Businesses and Employees: Boundaries in Social Media
This week I’ve been watching a favorite restaurant do their own social media. Normally I love seeing people at least try these tools on their own, even if they do it wrong, but in this case it is making me cringe. What are they doing wrong, you ask?
1) Forcing their employees to get personal accounts on a variety of social media services such as Twitter, Facebook, Foursquare, and more. This is uncool for a variety of reasons, not the least of which being that social media use is a very personal choice for people, and not the right choice for everyone.
2) Forcing these employees to then a) give the account info to customers for connecting in addition to the company account info, instead of just giving folks access to the company accounts and b) to use their personal accounts to promote the company. No, no, no. This is all kinds of not ok!
3) Requiring password access to the employee accounts. Employees – do not give your employer access to your personal account this way. Stand your ground. By giving the employer or employer’s representative this kind of access you essentially allow them to impersonate you at will on social networks, if they are especially evil, and to see your private interactions and info if they are somewhat less evil. Even if they have it and never use it, really – how can you think this is ever ok? Defend your space and your right to a personal life separate from your workplace.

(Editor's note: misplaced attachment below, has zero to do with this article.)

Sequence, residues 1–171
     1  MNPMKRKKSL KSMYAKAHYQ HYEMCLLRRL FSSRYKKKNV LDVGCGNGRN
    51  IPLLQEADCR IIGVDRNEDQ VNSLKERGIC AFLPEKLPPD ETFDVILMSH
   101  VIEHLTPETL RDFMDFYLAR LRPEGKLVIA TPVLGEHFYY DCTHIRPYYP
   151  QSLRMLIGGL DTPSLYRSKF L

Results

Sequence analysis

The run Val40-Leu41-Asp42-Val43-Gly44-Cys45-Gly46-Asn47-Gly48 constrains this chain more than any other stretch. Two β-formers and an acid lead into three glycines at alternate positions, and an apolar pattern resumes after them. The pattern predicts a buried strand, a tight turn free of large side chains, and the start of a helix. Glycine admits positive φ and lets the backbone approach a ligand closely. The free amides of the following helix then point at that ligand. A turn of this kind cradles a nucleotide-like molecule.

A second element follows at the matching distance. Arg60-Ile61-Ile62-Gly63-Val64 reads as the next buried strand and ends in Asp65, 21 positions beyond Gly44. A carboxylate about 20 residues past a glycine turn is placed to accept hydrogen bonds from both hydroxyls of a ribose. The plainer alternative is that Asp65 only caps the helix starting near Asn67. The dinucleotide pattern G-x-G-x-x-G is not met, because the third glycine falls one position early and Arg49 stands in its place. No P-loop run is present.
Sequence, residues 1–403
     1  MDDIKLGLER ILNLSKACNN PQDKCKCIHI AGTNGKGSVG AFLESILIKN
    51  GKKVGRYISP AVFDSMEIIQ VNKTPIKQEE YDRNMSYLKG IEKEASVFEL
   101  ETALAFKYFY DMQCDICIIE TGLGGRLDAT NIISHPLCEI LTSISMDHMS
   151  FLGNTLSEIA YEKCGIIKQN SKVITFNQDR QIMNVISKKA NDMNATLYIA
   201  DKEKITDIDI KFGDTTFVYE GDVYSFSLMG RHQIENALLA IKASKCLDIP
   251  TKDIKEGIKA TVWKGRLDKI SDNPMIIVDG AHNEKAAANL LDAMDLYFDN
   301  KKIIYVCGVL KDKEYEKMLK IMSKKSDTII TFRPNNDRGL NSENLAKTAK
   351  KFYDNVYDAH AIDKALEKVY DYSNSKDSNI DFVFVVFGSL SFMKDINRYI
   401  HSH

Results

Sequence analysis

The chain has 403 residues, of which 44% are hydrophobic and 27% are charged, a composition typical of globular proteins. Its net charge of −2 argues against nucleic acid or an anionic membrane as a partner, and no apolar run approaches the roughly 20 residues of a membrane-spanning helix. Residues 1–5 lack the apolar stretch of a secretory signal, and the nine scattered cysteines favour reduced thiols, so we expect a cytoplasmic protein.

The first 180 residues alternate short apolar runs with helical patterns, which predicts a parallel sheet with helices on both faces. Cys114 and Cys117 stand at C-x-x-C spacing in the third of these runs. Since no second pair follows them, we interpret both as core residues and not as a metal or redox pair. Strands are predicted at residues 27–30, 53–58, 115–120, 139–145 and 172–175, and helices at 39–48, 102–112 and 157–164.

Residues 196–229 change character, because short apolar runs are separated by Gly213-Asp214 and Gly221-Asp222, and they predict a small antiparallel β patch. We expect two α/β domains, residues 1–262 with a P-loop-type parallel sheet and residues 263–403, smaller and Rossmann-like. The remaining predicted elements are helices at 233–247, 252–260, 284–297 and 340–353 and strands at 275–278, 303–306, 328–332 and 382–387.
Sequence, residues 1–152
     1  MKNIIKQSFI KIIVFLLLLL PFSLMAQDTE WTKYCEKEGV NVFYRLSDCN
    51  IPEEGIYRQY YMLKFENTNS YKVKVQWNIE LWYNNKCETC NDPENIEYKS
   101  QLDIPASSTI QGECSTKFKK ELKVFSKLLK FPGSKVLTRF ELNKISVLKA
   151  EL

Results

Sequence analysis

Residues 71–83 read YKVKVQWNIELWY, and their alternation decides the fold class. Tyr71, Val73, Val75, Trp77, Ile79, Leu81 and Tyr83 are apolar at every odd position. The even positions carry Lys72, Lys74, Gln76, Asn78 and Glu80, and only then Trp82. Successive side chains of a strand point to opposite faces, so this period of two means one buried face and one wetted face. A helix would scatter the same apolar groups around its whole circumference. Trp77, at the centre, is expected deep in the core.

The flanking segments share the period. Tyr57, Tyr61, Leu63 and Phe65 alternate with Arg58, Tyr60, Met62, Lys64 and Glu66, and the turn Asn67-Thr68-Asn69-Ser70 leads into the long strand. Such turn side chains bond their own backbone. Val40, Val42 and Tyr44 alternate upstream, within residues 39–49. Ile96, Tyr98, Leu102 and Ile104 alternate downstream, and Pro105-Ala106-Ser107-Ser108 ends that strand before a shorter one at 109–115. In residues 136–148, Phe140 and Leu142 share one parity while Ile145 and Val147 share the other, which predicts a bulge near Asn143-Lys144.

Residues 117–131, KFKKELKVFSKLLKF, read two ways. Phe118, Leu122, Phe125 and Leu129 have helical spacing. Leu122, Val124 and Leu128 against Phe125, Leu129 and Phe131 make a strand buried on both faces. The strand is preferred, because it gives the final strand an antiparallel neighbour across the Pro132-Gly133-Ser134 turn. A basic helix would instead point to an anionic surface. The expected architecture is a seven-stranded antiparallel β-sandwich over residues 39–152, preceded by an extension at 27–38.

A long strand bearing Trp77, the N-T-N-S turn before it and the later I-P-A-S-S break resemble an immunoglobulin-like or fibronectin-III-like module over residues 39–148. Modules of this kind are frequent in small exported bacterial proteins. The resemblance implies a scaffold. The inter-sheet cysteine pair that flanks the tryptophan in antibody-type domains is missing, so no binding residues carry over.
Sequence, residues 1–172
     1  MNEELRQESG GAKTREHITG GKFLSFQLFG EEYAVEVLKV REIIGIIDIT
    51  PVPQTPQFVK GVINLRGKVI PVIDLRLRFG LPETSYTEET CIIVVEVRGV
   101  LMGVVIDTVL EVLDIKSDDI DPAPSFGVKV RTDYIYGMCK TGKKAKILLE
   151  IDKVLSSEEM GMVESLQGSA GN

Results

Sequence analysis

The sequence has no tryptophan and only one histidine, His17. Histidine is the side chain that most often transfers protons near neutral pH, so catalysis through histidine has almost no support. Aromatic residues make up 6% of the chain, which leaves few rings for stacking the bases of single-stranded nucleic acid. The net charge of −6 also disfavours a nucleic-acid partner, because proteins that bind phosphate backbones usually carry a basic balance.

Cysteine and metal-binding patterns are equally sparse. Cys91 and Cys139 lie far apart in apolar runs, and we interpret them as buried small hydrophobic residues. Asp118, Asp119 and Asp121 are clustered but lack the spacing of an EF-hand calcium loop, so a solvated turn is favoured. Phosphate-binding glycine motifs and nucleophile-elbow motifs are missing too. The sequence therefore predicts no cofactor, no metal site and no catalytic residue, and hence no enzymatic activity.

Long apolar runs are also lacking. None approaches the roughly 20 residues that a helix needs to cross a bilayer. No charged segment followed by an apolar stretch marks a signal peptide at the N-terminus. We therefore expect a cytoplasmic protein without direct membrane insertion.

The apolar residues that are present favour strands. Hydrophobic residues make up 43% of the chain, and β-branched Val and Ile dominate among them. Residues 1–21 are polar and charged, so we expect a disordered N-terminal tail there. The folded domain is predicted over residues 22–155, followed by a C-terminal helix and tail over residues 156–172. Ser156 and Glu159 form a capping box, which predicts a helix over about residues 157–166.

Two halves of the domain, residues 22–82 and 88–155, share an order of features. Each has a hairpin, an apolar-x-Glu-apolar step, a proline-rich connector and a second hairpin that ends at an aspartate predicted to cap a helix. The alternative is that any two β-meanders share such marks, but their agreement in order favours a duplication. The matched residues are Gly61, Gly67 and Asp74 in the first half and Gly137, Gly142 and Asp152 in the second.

Companies, you have no right to require your employees to use social media, much less to use it in their own name then to promote you. That crosses a line. It violates boundaries, breaks laws, and in some cases enables cheating on social networks, among other things.
Personal accounts are none of the business of the… business as long as the employee doesn’t defame them, and it should be the employee’s choice to represent the company in that venue and not be required to be used for the company.
Instead, simple employee guidelines should be in place as part of the company employee manual for those who do have personal social accounts how to represent the company should they CHOOSE to do so and how to handle disgruntled ex employees and other issues, and employees should be given posting access to the main company profiles and instructed to post using their initials under the company umbrella instead.
Companies if you’d like help navigating the tricky waters of bringing employees online and having them help man the official company accounts, reach out for it. But for pete sake don’t invade your employees’ lives just to make a buck. It’s actually worse than automating social using tools like PAL, and you all know how I (and your customers) feel about soulless automation.